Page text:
“The Blue-eared Kingfisher (Alcedo meninting) is a rare resident in local reserves. Considered nationally endangered with an estimated population of 10 (Wang & Hails, 2007), this bird does not frequent gardens, parks or disturbed areas, unlike its close relative, the migrant Common Kingfisher (Alcedo atthis), which can be seen at spots like the Botanic Gardens, Japanese Garden and well-vegetated waterways during the winter months. In Malaysia, however, the Blue-eared Kingfisher is known to be less secretive, with Madoc (1947) recording that it can “be met on the fringes of the jungle, in [rubber?] estates and even on the roadside.”
“The appearance of the blue-eared kingfisher is similar to its commoner cousin, but the plumage is markedly more saturated, with a deeper blue upperside and stronger shade of orange-rufous on the underparts. The male (the local subspecies A. m. veerauxii) has a blackish bill and blue ear-coverts (the part of the head just behind the eye) which make the head and back particularly striking. The female has a reddish bill and rufous eye-coverts.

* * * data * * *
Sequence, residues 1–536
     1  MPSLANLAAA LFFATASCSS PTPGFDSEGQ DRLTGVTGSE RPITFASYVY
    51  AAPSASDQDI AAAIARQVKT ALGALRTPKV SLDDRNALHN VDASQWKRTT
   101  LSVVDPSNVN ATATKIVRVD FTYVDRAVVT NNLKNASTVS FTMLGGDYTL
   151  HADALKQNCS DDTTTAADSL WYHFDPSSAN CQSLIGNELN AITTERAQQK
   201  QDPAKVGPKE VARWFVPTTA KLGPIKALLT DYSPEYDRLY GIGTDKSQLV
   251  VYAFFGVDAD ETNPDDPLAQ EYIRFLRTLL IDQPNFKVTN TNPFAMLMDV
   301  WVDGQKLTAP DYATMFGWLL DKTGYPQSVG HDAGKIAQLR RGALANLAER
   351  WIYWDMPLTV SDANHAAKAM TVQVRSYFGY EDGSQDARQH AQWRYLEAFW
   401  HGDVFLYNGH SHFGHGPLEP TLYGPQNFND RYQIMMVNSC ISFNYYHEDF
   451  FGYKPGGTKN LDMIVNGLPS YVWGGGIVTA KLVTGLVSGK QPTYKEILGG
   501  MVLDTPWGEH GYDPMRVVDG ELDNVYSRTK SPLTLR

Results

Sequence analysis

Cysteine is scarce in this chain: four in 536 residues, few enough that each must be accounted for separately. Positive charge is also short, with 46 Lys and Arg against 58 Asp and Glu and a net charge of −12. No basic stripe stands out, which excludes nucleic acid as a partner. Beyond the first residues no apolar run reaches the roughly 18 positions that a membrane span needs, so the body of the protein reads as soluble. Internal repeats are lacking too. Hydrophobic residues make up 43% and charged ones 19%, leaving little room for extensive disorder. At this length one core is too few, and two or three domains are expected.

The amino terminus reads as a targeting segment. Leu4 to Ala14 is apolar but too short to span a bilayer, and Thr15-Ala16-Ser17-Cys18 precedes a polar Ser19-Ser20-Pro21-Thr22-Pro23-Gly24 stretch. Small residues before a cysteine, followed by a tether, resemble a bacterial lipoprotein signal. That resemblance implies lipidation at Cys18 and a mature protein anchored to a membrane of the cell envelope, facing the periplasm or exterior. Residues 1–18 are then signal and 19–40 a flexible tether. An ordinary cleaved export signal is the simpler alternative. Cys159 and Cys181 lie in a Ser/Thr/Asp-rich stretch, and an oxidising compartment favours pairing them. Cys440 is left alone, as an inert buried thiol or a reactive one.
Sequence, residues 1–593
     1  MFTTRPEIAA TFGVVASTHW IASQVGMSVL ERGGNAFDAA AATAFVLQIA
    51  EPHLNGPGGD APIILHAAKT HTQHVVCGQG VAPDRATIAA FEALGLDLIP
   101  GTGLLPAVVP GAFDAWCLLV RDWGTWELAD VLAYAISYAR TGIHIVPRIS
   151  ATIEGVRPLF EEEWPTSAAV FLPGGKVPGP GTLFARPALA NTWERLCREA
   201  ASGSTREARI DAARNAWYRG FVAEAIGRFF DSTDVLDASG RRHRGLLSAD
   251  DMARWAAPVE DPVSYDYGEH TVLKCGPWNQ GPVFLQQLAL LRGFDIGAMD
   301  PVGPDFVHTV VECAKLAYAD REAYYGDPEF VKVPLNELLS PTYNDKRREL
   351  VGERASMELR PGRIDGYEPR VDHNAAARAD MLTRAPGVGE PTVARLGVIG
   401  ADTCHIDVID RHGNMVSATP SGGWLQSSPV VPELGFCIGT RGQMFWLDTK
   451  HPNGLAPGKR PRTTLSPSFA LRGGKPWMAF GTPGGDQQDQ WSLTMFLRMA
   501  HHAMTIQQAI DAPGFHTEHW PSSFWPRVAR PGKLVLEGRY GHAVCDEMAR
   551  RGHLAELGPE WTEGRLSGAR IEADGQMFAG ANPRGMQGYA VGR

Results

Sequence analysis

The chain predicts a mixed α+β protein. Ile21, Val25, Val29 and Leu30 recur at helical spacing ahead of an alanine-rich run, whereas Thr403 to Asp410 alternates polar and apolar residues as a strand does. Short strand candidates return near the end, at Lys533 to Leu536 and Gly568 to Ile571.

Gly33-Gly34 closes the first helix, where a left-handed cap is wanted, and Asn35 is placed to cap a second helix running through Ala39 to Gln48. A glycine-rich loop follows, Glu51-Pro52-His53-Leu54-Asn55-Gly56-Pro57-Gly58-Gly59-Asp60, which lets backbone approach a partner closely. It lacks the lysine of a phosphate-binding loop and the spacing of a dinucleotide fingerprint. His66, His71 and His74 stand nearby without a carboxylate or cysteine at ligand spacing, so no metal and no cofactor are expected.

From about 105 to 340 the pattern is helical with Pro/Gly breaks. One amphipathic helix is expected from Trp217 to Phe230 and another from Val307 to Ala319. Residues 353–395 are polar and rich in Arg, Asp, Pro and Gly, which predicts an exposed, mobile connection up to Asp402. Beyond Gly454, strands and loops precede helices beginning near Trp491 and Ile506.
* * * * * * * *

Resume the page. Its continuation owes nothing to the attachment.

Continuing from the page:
“Confirmed breeding records in Singapore are not known to date. Robson (2000) notes that the species nests in excavated banks or termite mounds. Madoc has observed nest tunnels in roadside banks and “even in the side of a contour drain on a hilly rubber estate.”
“Local birders has a rare encounter earlier this year when a pair of Blue-eared Kingfishers took up residence at a stream bank in the Central Catchment Nature Reserves. The site was very close to the walkway and thus afforded good views of the birds. I came across the pair one afternoon and spent about 15 minutes observing them. Each bird would emerge from an embankment (that could not be seen from the walkway) and perch on a low branch. Earth was evident on the tips of the bill. After resting for a couple of minutes, it would head back, presumably to its tunneling. The mate would then take its turn on the branch. It seems the digging duties are shared by both sexes.
“It was reported that this nesting failed. Whether it was due to natural events (ground-dwelling snakes are not uncommon in the area) or human disturbance (as the area is frequented by joggers, sundry nature lovers and photographers both day and night) is unclear.”
The Annotated Budak
11th May 2009
1. Madoc, G. C. (1956). An introduction to Malayan birds. Malayan Nature Society, Kuala Lumpur. (revised ed.)
2. Robson, C., 2000. A field guide to the birds of South-east Asia. New Holland, London.
3. Wang, L.K. & C. J. Hails, 2007. An annotated checklist of birds of Si ngapore. Raffles Bulletin of Zoology, Supplement 15: 1-179.